- Attain high-quality, longer lives free of preventable disease, disability, injury, and premature death;
- Achieve health equity, eliminate disparities, and improve the health of all groups;
- Create social and physical environments that promote good health for all; and
- Promote quality of life, healthy development, and healthy behaviors across all life stages.
To make progress on these high-level goals, public health experts chose 26 specific and measurable goals, for example, to reduce the number of persons with diagnosed diabetes whose A1c value is greater than 9%.
The point of setting goals is to track whether we are getting anywhere. Are we?
Dr. Howard Koh is the Assistant Secretary for Health for the U.S. Department of Health and Human Services. In JAMA, he reports on recent progress (or lack thereof) toward the Healthy People 2020 goals.
The data demonstrate areas of both improvement and continued need. On the positive side, 14 of the 26 Leading Health Indicators (54%) have documented improvement, and 4 have met or exceeded their Healthy People 2020 targets… The new data also document no improvement for 11 of the 26 indicators (42%) and, of those, 3 show worsening health outcomes.
We aren’t making meaningful progress on public health. For example, there was little improvement in the percent of persons with high levels of A1C. There was progress in maternal and child health: Infant deaths per 1,000 live births decreased from 6.7 in 2006 to 6.1 in 2010 and total preterm live births declined from 12.7% in 2007 to 11.5% in 2012.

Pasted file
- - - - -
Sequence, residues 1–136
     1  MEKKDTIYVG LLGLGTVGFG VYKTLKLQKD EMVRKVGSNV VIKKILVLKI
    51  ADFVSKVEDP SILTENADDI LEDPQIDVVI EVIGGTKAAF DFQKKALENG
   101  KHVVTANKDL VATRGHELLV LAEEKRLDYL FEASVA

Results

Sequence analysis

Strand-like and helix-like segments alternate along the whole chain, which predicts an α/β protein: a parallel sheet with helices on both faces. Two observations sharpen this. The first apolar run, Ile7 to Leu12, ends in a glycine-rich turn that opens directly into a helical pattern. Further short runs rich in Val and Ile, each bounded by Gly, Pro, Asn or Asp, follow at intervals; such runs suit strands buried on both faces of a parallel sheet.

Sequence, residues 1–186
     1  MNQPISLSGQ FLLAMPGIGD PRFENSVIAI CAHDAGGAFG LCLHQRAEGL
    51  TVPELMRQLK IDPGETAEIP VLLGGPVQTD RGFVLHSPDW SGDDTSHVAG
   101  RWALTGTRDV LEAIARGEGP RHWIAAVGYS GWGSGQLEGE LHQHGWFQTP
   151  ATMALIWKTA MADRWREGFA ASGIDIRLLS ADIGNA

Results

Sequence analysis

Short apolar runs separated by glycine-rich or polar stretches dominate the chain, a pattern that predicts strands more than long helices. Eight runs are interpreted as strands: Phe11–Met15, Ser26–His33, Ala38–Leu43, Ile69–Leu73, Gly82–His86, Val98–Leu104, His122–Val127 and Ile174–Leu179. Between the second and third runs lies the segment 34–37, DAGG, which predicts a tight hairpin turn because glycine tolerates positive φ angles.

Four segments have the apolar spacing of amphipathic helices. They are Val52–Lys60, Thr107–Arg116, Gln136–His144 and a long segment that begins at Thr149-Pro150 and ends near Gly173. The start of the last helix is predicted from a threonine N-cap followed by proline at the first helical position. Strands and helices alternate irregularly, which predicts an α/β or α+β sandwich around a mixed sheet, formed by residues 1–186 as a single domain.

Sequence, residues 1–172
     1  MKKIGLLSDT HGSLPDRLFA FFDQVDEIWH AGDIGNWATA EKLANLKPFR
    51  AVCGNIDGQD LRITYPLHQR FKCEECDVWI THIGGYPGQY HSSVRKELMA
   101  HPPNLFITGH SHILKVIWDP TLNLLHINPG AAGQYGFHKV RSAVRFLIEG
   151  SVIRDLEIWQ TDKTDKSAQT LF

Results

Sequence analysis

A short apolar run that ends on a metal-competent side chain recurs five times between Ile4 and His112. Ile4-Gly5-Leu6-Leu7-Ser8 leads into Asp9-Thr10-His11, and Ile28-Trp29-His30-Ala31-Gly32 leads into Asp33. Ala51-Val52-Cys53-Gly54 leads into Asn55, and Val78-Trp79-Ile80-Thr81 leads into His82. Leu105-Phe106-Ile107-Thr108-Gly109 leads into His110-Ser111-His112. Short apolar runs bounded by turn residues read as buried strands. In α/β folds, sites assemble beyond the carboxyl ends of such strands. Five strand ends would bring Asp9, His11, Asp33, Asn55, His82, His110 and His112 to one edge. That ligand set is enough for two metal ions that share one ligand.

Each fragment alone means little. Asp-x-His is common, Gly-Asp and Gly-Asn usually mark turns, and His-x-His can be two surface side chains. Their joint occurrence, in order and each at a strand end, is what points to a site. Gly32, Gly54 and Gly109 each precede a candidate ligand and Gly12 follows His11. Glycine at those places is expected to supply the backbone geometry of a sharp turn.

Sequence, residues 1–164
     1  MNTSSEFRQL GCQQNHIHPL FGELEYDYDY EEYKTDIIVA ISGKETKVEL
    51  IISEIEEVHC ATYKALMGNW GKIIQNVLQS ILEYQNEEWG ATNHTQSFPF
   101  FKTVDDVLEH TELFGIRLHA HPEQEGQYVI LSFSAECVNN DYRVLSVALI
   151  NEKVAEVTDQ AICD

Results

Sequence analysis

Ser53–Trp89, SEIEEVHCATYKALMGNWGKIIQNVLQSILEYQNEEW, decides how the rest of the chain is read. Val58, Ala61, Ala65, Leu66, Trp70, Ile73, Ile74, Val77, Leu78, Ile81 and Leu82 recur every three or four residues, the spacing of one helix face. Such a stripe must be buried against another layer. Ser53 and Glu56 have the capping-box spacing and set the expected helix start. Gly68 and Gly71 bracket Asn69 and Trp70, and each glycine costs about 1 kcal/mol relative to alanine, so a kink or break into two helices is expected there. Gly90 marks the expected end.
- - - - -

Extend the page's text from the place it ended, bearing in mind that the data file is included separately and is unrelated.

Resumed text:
But we lost ground on both of our national mental health goals: The age-adjusted suicide rate increased from 11.3/100,000 in 2007 to 12.1 in 2010 and the percent of adolescents with major depressive episodes increased from 8.3% in 2008 to 9.1% in 2011.
Fourteen successes on 25 goals is not statistically better than a 50% success rate (change could not be measured for one of the goals).
Why aren’t we doing better? One reason is that we don’t pay enough attention to public health data. Every month, the economics wonks wait anxiously for reports on employment, economic growth, and so on. Twitter buzzes about relatively small improvements or declines. Those indicators matter, a lot. But are they more important than longer lives free of preventable disease, disability, injury, and premature death?